Autonomous cars should have learning permits & ethics

learner-driver-621821While Consumer WatchDog is trying to get better reports, data and video from self-driving cars University of Michigan researchers say self driving vehicles should be required to pass a drivers’ license test, and there may be different license levels for different levels of self-driving cars. Yes, there may be learner’s permits for autonomous cars.

Researchers, Sivak and Schoettle say that for self-­driving vehicles experience under one set of conditions that requires certain hardware or software capabilities does not improve performance under a different set of conditions that requires different hardware or software capabilities.

A graduated license approach would be applicable should a manufacturer explicitly decide to limit the operation of its vehicles to certain conditions, until improved hardware or software become available, reported Sivalk.

For example, a manufacturer might feel confident that its vehicles could handle all situations except nighttime and snow. In such a situation, after passing a licensing test related to the limited conditions, the vehicle would be given a provisional license that would exclude nighttime driving and driving in snow. A full license could then be obtained once future updates to hardware or software are developed and made available, and the updated vehicle passes an unrestricted licensing test.
They note that most drivers’ license tests evaluate visual performance, knowledge of rules and regulations related to driving and traffic in general, and driving-related psychomotor skills.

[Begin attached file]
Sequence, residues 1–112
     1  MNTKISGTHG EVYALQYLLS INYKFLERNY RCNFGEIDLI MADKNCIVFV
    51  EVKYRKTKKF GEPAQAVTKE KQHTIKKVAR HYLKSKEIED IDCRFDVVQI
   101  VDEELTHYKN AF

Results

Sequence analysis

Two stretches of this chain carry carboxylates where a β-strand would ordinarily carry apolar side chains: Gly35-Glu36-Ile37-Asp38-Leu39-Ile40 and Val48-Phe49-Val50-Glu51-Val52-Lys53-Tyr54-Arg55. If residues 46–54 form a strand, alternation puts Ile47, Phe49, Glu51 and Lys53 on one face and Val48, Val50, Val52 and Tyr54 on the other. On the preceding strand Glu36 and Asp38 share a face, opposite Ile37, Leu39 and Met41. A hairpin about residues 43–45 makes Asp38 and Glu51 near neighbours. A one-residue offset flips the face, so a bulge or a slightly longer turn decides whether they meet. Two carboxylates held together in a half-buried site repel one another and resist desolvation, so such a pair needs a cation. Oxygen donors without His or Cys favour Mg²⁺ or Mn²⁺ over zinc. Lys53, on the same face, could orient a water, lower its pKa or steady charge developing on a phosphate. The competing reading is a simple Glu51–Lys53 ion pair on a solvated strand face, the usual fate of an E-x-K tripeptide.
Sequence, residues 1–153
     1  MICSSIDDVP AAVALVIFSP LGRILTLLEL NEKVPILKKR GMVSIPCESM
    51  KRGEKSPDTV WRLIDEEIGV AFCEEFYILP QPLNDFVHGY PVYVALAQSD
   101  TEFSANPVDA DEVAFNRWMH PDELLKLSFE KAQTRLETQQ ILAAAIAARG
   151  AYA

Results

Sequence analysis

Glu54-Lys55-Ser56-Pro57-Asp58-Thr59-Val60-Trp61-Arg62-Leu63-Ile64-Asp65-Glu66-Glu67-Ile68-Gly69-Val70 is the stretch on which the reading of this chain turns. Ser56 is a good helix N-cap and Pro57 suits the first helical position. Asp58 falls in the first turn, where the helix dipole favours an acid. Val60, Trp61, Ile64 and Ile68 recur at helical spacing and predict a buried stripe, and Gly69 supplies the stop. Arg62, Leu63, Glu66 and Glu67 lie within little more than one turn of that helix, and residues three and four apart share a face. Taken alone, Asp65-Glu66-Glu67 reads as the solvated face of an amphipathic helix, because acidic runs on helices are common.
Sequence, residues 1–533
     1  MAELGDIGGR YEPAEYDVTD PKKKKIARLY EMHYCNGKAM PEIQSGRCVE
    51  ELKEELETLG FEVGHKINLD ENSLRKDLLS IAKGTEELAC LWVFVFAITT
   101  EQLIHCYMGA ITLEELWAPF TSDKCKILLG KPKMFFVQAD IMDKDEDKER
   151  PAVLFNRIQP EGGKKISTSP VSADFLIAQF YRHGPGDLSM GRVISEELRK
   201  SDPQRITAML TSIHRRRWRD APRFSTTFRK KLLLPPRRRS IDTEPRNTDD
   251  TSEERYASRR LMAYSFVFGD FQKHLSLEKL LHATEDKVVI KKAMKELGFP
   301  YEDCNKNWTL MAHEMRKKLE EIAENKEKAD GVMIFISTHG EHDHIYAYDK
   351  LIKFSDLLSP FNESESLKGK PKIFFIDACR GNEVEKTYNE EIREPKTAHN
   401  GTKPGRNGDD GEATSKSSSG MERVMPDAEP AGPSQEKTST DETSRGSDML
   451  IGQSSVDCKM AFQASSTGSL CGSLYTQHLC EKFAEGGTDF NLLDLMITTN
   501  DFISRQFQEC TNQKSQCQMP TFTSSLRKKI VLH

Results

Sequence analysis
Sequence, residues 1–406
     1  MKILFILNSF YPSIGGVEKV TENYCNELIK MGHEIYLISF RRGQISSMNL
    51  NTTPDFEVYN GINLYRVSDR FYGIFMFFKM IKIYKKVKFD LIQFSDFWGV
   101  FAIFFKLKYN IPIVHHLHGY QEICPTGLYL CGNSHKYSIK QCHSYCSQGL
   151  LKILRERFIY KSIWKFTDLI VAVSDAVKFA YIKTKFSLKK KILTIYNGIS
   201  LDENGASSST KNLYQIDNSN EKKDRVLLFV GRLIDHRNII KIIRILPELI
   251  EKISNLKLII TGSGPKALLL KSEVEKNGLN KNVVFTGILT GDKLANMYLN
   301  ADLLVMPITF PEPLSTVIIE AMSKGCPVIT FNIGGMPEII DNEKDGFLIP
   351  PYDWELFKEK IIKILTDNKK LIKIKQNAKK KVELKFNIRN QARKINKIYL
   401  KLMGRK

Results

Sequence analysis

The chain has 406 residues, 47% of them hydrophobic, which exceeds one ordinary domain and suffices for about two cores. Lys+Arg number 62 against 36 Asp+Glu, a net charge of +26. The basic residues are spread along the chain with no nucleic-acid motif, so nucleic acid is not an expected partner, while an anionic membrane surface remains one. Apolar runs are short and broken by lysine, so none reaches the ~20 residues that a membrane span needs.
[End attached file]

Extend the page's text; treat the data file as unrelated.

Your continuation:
Autonomous cars should have driver’s licenses because:
  • Self-­driving vehicles will face, on rare occasions, ethical dilemmas in their decision­making.
  • Sensing hardware, spatial maps and software algorithms vary among manufacturers of self-driving vehicles, resulting in variability of on­road performance—as is the case with people.
  • Visual and sensing performance of self­-driving vehicles in inclement weather is not yet sufficient.
  • Visual­ pattern recognition is a potential problem for current sensing systems in self­-driving vehicles (e.g., recognizing downed power lines or flooded roadways).
  • Current self-­driving vehicles have not yet been tested thoroughly under a variety of demanding conditions (e.g., in snow).
  • On­road performance of some current self­-driving vehicles is not yet perfect, even in good weather.

We’d like to see the test scores of the California Driver’s written test where only about 50% pass the written test on the first try.